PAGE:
Black Diamond Mines Regional Preserve, Antioch

This park is over 6,000 acres and contains what remains of three old coal-mining towns. There’s a lot to explore, but be sure to visit the old Rose Hill Cemetery by hiking uphill on the Nortonville Road Trail. Continue up to the Black Diamond Mine Trail where there are yellow and white mariposa lilies among many other wildflowers throughout the season. Black Diamond Mines Preserve is due north of Mt. Diablo, and has lots of the same wildflowers with trails that are much less steep. 

Black Diamond Mines Regional Preserve, Upper Parking Lot, 5175 Somersville Road, Antioch. Weekend fees. 

Black Diamond hike scape

Bike

Rides from slow and leisurely to difficult and well, very difficult.

Benicia Recreation Area

Difficulty: Easy. Distance: 5 miles. Type: Out and Back. Approximate Time: 30 minutes.

This bike and pedestrian path inside the park is a great place to get out in nature, birdwatch, fish, and watch the ships pass by.

Green Valley Ride

Difficulty: Easy. Distance: 5 miles. Type: Out and Back. Approximate Time: 30 minutes.

This separate bike and pedestrian path runs parallel to Green Valley Road. Ride in the shade of trees that line the southern half of the trail, then the trail opens up to views of Green Valley as you travel north.

Alamo Creek Bike Trail

Difficulty: Easy. Distance: 10 miles. Type: Out and Back. Approximate Time: 1 hour.

Ride from one end of Vacaville to the other on this winding path that follows Alamo Creek.

A cyclist on Alamo Creek bike trail

Grizzly Island Trail to Rush Ranch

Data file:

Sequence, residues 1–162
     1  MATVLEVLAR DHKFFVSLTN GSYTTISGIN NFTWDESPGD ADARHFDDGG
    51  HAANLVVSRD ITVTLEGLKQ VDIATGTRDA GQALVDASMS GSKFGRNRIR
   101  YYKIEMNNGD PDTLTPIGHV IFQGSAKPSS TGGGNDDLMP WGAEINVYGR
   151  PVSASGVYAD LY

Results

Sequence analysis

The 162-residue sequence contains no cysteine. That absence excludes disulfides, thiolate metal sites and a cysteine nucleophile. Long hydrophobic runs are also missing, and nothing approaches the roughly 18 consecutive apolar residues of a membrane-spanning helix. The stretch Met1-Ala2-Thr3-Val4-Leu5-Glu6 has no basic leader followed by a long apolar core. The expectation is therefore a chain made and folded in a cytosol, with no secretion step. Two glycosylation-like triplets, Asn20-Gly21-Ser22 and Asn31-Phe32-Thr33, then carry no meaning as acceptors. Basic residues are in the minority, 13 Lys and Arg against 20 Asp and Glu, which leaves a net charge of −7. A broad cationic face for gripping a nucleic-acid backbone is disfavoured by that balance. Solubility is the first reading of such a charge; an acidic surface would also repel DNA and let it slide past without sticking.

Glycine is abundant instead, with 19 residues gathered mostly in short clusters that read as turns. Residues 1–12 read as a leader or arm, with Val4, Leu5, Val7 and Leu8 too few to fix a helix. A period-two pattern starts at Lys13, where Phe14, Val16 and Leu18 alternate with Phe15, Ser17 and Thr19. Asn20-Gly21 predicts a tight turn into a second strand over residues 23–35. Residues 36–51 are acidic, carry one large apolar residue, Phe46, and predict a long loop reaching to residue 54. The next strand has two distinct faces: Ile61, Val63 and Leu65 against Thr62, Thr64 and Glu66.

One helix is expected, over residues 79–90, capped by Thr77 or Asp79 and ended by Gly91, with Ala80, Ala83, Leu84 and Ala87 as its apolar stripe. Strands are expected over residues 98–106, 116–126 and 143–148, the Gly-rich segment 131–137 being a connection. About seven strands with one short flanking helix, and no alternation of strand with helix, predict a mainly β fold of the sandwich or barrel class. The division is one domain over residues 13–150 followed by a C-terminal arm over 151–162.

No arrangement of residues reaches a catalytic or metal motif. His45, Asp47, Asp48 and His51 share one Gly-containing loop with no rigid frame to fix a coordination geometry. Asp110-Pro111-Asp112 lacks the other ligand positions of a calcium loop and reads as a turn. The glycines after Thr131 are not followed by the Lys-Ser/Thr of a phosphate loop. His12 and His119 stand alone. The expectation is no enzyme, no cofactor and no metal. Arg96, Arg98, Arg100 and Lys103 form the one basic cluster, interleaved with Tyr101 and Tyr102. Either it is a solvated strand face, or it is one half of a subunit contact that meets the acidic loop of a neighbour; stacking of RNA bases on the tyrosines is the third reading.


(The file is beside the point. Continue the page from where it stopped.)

Difficulty: Medium. Distance: 7 miles. Type: Out and Back. Approximate Time: 1 hour.

This ride has a mix of calm local streets, a separated bike path through wetlands, and a county road with no shoulder.

Lagoon Valley Loop

Difficulty: Medium. Distance: 9 miles. Type: Loop. Approximate Time: 1 hour.

Lagoon Valley Regional Park is just off of I-80 with over 470 acres of natural landscape to explore by foot or bike. Daily and annual parking passes are available at the gate.

Three Valley Loop

Difficulty: Difficult. Distance: 18 miles. Type: Loop. Approximate Time: 2-4 hours.

Experience some of the most picturesque agricultural areas in the county on this ride.

Be prepared that most of these low-volume county roads have no shoulders, however some stretches provide bike lanes or separated bike paths.

Bridge to Bridge Loop

Difficulty: Difficult. Distance: 23 miles. Type: Loop. Approximate Time: 3 hours.

Two bridges, two counties, four cities, all surrounding the Carquinez Strait.

This ride has quite the variety with plenty of climbing and great views as your reward.

Vallejo, Benicia & Fairfield Loop

Difficulty: Difficult. Distance: 30 miles. Type: Loop. Approximate Time: 4 hours.

This popular ride for cyclists will test your lungs and your legs while passing through three Solano County cities and some of the best hillsides in the County.

Lake Solano Loop

Difficulty: Difficult. Distance: 36 miles. Type: Loop. Approximate Time: 4 hours.

Begin in Lagoon Valley Regional Park and head north through the orchards to Lake Solano. Pop over to the charming town of Winters to refuel for the ride back.

Martinez to Davis

Difficulty: Difficult. Distance: 61 miles. Type: One Way. Approximate Time: 6 hours.

For a grand finale, traverse the entire county by bike. Take in views of straits, marshes, and wetlands, then hills, valleys, and open space. And at the end, give your bike a break and head back to where you started by jumping on an Amtrak Capitol Corridor train where bikes are welcome. Great idea!